Ohio has a chance to build on a relatively successful economic response to the COVID-19 pandemic. Gov. Mike DeWine’s executive budget should take it. As he sets spending priorities for the next two years, DeWine should limit proposed spending increases, cut unnecessary spending, and strategically use the state’s rainy day fund to keep Ohio on a prosperous, sustainable fiscal path.
The pandemic quickly cratered Ohio’s budget surplus — flipping a $200 million surplus in February to a $775 million deficit by the end of April — and forcing state lawmakers to make hard choices. Fortunately, Ohio has taken lemons and made lemonade. Responsible decisions early in the pandemic to freeze spending, along with prudent budget cuts, preserving the rainy day fund, and better-than-expected state tax revenues have positioned Ohio well heading into the next budget cycle.
Tax revenues provide the lynchpin between sustainable spending and healthy budgets. Without sufficient tax revenues, governments can’t maintain spending and services without incurring risky debts and deficits. Lockdowns and stay-at-home orders unsurprisingly limited sales tax revenue early in the pandemic, but a quick rebound in consumption has seen sales and use tax revenue help sustain Ohio’s budget. And the good news is that even during the pandemic and lockdown, Ohio’s tax revenues have dropped only $412 million — just under 2.3 percent — over the same period in 2019. Barring unforeseen economic disruptions, perhaps brought about by a surging pandemic, these numbers will likely improve as Ohio returns to work and the unemployment rate continues to fall.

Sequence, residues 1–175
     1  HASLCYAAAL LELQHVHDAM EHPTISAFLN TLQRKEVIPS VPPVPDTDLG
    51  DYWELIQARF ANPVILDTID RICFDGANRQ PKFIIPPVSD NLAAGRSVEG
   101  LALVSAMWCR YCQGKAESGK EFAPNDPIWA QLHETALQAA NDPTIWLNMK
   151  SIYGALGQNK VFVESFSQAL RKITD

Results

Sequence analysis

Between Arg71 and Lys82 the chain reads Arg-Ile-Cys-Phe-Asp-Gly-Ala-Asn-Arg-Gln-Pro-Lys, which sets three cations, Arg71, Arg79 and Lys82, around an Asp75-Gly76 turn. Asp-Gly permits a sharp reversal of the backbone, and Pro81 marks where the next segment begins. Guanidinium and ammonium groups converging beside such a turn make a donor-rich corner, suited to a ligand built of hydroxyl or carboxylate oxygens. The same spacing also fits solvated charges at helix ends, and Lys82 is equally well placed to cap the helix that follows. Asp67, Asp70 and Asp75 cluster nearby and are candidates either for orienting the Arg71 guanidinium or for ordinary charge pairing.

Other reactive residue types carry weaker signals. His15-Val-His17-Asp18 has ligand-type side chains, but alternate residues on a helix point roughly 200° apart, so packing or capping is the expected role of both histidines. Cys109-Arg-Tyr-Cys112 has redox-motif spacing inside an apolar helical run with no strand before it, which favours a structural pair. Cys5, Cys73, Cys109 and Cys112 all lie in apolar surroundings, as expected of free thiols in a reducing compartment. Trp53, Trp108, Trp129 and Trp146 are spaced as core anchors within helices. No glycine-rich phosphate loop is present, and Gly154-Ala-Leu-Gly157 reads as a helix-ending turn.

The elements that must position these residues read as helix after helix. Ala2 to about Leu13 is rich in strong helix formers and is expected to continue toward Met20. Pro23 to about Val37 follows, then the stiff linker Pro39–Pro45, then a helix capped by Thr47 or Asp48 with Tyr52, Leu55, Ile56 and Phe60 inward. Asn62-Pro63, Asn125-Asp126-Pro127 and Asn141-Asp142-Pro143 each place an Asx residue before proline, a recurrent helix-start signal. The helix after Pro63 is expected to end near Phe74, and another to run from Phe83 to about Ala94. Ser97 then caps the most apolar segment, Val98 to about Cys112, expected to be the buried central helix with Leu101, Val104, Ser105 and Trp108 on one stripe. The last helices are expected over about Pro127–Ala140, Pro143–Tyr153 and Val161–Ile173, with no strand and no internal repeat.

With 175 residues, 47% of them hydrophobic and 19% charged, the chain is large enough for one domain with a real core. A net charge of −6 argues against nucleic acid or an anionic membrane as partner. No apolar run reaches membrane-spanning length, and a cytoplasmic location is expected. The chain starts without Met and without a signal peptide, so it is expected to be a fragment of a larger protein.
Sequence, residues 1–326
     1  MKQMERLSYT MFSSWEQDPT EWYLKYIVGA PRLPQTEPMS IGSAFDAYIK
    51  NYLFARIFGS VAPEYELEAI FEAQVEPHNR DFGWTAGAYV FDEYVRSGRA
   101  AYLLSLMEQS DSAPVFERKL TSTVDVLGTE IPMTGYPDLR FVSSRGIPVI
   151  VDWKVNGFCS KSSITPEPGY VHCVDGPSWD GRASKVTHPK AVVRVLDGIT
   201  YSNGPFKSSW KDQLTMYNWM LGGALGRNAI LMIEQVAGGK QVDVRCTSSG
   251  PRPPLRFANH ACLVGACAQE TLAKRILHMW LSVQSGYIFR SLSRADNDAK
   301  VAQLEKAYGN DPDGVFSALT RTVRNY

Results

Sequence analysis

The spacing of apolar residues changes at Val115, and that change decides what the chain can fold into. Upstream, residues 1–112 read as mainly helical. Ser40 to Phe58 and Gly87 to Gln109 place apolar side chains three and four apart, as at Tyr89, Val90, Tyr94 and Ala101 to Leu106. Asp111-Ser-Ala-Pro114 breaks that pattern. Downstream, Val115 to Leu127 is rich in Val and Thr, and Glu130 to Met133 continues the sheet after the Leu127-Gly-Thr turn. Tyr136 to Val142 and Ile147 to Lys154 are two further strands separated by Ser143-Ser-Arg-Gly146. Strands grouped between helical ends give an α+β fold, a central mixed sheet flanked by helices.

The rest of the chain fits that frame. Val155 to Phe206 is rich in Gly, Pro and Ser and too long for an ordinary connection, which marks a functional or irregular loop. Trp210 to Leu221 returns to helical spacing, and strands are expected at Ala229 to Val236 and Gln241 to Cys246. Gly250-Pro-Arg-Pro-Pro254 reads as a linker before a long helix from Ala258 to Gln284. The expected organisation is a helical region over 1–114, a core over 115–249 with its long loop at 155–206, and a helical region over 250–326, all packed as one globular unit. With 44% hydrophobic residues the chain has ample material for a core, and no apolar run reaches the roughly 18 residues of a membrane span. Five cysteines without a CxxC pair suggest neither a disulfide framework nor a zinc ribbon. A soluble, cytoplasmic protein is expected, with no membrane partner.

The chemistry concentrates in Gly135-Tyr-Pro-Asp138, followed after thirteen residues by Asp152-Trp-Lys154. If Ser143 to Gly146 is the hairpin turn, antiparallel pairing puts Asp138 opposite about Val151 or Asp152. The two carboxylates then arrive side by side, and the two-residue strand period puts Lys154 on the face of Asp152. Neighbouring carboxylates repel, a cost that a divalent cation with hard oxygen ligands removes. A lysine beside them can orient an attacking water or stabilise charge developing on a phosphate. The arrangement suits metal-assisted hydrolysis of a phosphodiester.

Ohio’s economy remains relatively well-positioned compared to its peers. While at least 17 other states have already made withdrawals from their rainy day funds, Ohio’s fund boasts just under $2.7 billion — exceeding anticipated shortfalls— because policymakers made prudent budget cuts and waited until the budget picture became clearer before tapping state reserves. A “misery index” that compares state-level unemployment and COVID-related deaths ranks Ohio (among states with more than 10 million people) as the state with the least “misery”—reassurance that Ohio has reacted responsibly to the pandemic. And recent data from the Bureau of Economic Analysis also show that household savings are holding up well under the circumstances, which should further boost sales tax revenues once the pandemic has subsided.
Prudent financial decisions early in the pandemic coupled with stronger than expected tax revenues have laid a strong foundation for Ohio’s financial house to weather this viral storm. DeWine should continue building on that foundation in his forthcoming budget, and lawmakers would be wise to limit spending increases, cut unnecessary spending, and then strategically withdraw from the rainy day fund to cover any lingering budget gaps, all while avoiding the well-intended but disruptive temptation to raise taxes.
Tough times require tough choices, but so far, Ohio has made the right choices.
Logan Kolas is an economic policy analyst with The Buckeye Institute’s Economic Research Center.